Legal Empowerment of Informal Workers: Alternative models of regulation for street vendors in Bogota, Colombia

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Legal Empowerment of Informal Workers: Alternative models of regulation for street vendors in Bogota, Colombia. / Vargas Falla, Ana Maria.

2013. Paper presented at Regulating For Decent Work, .

Research output: Contribution to conferencePaper, not in proceeding

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TY - CONF

T1 - Legal Empowerment of Informal Workers: Alternative models of regulation for street vendors in Bogota, Colombia

AU - Vargas Falla, Ana Maria

PY - 2013

Y1 - 2013

N2 - Many street vendors live under constant fear of eviction and harassment because the law does not recognize their businesses and they work outside the rule of law. Furthermore, in some cities street vending is a criminal offence to public order and vendors can be sent to prison. Using the empowerment theory, defended by Hernando De Soto, this article will examine to what extent formalization - understood as gaining legal status - can serve to empower informal vendors to increase their capital and economic development. Based on 169 interviews conducted in 2012 among street vendors in the city of Bogotá, Colombia whose businesses were formalized, this research was able to observe improvements in the vendors’ working conditions and income. However this improvement was not because of access to formal credit, as stated by the theory of formalization but instead due to the ability of the vendors to improve their working conditions and be protected from bad weather. The results illustrate that formalization is more than access to credit; it is a tool to improve the autonomy, self-esteem, and empowerment of the poor.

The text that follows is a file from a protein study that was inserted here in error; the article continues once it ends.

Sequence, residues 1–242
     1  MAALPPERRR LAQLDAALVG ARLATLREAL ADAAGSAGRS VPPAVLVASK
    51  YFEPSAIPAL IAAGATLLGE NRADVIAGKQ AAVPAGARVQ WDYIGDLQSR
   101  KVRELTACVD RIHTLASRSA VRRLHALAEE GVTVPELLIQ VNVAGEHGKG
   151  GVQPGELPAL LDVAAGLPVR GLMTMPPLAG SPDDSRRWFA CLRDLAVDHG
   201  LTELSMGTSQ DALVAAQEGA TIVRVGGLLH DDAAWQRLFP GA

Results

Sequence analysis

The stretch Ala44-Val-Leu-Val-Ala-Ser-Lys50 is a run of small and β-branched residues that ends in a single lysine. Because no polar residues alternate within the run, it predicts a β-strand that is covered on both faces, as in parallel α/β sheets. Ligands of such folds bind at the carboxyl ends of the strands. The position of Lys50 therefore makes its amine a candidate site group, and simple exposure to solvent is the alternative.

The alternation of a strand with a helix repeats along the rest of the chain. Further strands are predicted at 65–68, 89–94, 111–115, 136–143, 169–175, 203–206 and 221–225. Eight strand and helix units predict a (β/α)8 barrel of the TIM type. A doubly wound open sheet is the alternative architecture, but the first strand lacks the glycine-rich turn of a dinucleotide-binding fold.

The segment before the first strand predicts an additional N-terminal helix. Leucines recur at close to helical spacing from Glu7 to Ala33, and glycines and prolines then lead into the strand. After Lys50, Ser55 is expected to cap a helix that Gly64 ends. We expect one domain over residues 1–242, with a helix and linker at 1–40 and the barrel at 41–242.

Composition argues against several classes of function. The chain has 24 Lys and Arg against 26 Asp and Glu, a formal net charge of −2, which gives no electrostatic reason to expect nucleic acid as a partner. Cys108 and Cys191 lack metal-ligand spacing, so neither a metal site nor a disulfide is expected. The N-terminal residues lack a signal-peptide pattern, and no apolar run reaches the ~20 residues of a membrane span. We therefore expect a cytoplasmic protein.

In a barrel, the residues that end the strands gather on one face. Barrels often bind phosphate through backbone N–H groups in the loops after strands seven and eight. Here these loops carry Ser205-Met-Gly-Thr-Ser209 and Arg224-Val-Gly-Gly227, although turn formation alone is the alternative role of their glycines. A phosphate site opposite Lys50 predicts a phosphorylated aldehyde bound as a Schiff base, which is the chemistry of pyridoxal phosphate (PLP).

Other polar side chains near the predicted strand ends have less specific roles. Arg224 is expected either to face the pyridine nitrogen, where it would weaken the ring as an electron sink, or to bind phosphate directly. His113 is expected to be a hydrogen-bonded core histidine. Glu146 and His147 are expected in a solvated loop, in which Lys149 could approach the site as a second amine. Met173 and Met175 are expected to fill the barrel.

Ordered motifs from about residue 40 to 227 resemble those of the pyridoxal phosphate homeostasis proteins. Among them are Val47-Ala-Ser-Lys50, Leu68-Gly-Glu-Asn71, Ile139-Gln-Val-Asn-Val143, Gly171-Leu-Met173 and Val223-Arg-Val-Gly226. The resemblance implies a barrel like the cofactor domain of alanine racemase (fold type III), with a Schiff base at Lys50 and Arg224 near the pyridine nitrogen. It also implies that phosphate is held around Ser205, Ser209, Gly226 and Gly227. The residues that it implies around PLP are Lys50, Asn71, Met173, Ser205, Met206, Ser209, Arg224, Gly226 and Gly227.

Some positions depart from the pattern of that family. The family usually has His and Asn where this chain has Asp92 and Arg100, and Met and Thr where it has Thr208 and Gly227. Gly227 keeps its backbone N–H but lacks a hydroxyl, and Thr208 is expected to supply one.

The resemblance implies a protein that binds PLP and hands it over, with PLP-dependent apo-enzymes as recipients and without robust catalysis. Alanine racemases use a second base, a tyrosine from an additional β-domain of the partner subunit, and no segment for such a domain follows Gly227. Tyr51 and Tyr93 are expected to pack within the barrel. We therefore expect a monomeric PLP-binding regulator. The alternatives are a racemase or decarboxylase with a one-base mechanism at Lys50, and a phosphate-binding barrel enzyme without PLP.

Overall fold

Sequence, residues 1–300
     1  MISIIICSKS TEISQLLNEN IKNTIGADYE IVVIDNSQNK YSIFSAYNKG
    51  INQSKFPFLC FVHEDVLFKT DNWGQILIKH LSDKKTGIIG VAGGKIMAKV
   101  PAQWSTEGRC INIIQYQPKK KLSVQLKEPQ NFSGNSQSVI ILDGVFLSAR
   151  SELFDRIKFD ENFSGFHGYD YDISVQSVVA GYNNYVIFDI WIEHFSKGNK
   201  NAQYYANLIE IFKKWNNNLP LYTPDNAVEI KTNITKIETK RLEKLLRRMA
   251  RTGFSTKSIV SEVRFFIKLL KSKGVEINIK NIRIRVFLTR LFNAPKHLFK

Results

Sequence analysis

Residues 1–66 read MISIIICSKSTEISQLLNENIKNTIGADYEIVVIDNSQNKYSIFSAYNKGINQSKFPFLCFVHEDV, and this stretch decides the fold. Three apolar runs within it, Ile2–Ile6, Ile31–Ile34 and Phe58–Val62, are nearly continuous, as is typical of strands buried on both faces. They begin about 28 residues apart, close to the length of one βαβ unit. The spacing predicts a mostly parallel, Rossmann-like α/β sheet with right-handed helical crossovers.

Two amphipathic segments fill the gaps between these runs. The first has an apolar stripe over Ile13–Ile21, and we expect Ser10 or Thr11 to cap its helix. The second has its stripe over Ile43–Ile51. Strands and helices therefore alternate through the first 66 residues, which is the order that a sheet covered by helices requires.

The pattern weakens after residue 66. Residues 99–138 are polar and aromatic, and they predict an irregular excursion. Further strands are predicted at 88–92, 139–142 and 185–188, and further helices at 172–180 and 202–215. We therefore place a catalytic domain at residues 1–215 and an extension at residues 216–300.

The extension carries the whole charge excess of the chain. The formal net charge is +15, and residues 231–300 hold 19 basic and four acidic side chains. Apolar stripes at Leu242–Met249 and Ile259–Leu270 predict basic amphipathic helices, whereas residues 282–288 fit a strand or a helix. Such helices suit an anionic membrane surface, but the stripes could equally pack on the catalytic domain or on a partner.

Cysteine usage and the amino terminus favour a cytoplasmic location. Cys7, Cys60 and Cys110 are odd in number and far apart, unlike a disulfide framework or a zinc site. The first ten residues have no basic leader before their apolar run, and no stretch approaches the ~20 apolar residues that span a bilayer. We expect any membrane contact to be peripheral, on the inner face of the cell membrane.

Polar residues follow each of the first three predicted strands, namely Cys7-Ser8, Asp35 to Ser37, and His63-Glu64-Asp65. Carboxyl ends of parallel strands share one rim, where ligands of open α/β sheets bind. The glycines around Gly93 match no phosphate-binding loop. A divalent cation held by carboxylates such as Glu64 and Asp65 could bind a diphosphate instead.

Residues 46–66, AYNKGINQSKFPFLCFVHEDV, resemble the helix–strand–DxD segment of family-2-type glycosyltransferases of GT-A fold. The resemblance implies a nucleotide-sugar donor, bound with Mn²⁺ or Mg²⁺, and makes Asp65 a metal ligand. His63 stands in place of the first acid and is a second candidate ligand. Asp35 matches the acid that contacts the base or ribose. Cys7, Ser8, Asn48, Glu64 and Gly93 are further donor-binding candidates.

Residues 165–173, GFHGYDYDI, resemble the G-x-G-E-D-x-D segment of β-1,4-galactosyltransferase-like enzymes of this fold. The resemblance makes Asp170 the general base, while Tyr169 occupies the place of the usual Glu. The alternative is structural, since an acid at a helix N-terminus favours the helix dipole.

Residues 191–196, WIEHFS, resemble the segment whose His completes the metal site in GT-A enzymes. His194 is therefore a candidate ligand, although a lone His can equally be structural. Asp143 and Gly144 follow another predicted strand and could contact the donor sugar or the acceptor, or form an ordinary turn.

AB - Many street vendors live under constant fear of eviction and harassment because the law does not recognize their businesses and they work outside the rule of law. Furthermore, in some cities street vending is a criminal offence to public order and vendors can be sent to prison. Using the empowerment theory, defended by Hernando De Soto, this article will examine to what extent formalization - understood as gaining legal status - can serve to empower informal vendors to increase their capital and economic development. Based on 169 interviews conducted in 2012 among street vendors in the city of Bogotá, Colombia whose businesses were formalized, this research was able to observe improvements in the vendors’ working conditions and income. However this improvement was not because of access to formal credit, as stated by the theory of formalization but instead due to the ability of the vendors to improve their working conditions and be protected from bad weather. The results illustrate that formalization is more than access to credit; it is a tool to improve the autonomy, self-esteem, and empowerment of the poor.

KW - Empowerment

KW - Rule of Law

KW - Street Vendors

KW - Formalization

KW - De Soto

KW - Poverty

KW - Informal Economy.

M3 - Paper, not in proceeding

ER -